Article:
Retired Pilot talks about flying, writing, and teaching
September 17, 2014
I have to have a flexible departure time today. Charles wants to have another go at the CBC. Yesterday was airline flying: a fixed departure time that you meet as best you can, and I did. Start was one minute late, takeoff three minutes early, and landing four minutes early, or one minute early on the once enroute projection. I was trying to be where I said I would be, and when. Just like the airline.
Corporate flying must feel like today. I am trying to be ready to go anytime between 9AM and 2PM.
Whoops! I came back from breakfast and the world had changed. A new low on the GFA chart. Snow in Timmins and rain coming to North Bay. I start to look for alternates. Pembrooke. Midlands. Muskoka. Too many north-south runways. The wind, with this low or occluded front or whatever it is, is forecast to veer south-southwest and blow 20-25 knots. The freezing level is about five thousand feet, and icing is now forecast where it hadn't been before breakfast.
It's not working. I step back a pace and say, OK, the alternate has to be Ottawa. I'll have to come back here. That's one problem. Then the freezing level. I had planned for 8000 feet cruise altitude. I'll make it six, and I can go down to four if I need to – the MEA (Minimum Enroute Altitude) is four thousand until Killaloe and then 4300, and if I'm really in trouble with ice the MOCA (Minimum Obstacle Clearance Altitude) is 2800. I don't want it to come to that, though.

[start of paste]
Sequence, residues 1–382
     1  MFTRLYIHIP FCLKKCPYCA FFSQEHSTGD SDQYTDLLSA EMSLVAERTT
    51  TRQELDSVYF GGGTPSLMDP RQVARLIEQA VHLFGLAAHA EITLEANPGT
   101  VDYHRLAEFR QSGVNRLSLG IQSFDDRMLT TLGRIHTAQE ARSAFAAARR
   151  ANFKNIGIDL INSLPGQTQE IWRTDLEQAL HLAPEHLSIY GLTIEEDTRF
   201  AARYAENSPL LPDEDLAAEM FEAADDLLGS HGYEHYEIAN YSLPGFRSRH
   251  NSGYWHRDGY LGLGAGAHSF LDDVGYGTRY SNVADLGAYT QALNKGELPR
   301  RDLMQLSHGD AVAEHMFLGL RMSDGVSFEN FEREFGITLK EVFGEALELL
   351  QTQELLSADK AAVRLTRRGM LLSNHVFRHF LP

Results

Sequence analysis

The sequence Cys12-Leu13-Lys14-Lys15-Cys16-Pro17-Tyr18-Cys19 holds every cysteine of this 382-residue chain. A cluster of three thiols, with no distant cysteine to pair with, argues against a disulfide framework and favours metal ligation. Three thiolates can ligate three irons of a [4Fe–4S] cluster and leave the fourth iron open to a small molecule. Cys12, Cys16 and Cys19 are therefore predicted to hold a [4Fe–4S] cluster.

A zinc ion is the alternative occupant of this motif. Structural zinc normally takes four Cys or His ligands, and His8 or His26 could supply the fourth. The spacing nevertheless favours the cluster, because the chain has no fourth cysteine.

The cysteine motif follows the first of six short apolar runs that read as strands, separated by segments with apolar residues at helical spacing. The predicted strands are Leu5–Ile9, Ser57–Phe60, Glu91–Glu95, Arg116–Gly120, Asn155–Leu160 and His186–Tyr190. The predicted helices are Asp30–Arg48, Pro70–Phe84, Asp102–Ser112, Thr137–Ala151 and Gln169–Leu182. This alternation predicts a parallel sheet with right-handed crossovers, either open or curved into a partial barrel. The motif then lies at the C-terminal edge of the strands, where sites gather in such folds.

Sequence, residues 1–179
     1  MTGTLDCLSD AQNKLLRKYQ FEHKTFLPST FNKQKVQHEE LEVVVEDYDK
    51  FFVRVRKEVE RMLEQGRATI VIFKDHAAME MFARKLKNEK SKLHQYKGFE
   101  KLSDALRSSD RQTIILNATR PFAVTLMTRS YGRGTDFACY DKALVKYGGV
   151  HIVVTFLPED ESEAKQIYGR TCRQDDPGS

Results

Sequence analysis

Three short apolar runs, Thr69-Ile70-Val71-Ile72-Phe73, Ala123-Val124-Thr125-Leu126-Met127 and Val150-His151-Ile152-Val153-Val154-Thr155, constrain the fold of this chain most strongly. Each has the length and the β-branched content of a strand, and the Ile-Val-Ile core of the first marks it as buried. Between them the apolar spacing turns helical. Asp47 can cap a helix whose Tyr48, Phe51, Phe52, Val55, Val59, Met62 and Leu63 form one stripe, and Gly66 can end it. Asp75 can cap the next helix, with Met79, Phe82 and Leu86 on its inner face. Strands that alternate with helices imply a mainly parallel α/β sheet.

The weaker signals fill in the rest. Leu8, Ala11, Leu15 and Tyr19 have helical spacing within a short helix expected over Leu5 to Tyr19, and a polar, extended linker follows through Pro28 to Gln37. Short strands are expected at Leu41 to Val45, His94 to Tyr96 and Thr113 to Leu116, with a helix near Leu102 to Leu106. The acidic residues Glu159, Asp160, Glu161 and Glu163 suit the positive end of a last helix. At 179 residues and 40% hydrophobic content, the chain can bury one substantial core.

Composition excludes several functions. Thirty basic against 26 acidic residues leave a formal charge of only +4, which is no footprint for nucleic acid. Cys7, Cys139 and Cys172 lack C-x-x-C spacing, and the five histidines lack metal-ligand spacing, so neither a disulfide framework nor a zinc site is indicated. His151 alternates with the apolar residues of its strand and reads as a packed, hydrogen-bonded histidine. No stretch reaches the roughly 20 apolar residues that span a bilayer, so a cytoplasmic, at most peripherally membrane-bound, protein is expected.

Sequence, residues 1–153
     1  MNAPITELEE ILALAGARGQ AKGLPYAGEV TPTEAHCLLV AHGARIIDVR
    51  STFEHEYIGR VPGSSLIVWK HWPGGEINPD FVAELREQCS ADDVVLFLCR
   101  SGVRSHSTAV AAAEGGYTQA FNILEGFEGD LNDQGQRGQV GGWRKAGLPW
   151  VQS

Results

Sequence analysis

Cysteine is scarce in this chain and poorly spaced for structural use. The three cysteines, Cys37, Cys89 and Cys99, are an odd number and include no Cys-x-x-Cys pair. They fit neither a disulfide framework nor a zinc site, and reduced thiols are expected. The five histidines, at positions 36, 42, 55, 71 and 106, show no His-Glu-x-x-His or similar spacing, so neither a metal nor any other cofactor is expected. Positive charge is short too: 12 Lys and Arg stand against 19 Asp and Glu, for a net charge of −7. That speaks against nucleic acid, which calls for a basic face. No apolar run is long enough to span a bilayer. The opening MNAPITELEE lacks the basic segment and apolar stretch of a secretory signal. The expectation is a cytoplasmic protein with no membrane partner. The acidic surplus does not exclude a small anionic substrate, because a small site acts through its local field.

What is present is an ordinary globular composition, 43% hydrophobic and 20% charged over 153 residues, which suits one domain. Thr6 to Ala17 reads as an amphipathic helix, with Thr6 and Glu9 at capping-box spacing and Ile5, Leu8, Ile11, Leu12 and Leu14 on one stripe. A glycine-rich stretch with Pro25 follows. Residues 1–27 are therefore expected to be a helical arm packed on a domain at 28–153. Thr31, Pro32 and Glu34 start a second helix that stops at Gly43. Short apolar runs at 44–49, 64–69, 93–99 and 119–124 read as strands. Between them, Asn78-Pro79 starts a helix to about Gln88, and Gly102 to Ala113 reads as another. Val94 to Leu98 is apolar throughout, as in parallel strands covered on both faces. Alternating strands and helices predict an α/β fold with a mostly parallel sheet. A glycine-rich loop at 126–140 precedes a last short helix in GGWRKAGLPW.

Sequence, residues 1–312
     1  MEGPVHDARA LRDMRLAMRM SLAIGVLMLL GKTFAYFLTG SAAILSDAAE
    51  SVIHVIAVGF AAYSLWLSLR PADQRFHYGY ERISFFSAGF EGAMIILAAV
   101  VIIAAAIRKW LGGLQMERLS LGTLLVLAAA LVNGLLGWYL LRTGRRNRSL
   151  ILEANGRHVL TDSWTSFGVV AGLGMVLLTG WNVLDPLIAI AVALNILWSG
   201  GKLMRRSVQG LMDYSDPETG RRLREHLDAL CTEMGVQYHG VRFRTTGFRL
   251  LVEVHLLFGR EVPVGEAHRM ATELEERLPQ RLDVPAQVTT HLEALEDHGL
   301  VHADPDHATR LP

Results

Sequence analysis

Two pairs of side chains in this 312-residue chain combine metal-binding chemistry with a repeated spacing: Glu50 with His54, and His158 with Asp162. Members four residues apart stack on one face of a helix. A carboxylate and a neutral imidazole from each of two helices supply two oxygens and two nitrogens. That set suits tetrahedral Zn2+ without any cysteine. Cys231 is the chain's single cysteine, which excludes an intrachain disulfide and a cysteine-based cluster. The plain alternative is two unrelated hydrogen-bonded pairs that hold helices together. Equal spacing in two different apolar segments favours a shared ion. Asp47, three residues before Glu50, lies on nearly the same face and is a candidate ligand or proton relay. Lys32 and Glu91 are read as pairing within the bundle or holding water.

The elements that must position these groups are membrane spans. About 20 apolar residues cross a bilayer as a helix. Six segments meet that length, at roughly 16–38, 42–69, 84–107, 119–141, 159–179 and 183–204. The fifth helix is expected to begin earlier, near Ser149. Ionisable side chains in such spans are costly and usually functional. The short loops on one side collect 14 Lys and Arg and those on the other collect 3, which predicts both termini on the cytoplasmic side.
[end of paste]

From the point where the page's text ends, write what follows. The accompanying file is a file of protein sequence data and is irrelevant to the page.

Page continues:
The weather is changing so fast there is a new forecast due out in half an hour. I decide to wait for it. But then in 5 minutes my head swings around. If I wait until – let's say – 2PM, the whole operation is just too risky. I would probably wind up back here in Ottawa. But what about the kids I'm going to talk to tomorrow morning? I would miss that opportunity. If I'm going I have to go now.
So I do. The clear morning sky is already clouding over with high layers, the sun disappearing. I fill up with gas so I'll have 5 hours of endurance, re-file my flight plan for 11AM, and take off. Part of the calculation is the wind, and the approaches at North Bay. The ceiling is forecast to be 500 feet, which is fine for the ILS on Runway 08 (200 ft. limits) but iffy for the other approaches with 500-ft. MDA's. So I'm hoping to land on 08 before the wind veers around to 240°.
I'm still in the clear at six thousand, but layers of cloud are approaching rapidly. The good news is the temperature is +3° C. By Renfrew I am in and out of cloud, some of the little cumulus quite bumpy, making hand flying busy.
But there's no ice. The OAT is hovering between 2° and 3° at 6000 feet. The wind is still favouring Runway 08. And I get to do my first ILS with a DME arc – that is, the first using GPS for the arc.
The rain starts as I'm finishing the tie-down. A year ago I made 2 pairs of chocks, spliced eyes in three tie-down ropes and forged three stakes out of rebar. Now I know why.
It was a nasty night in North Bay – steady, soaking rain.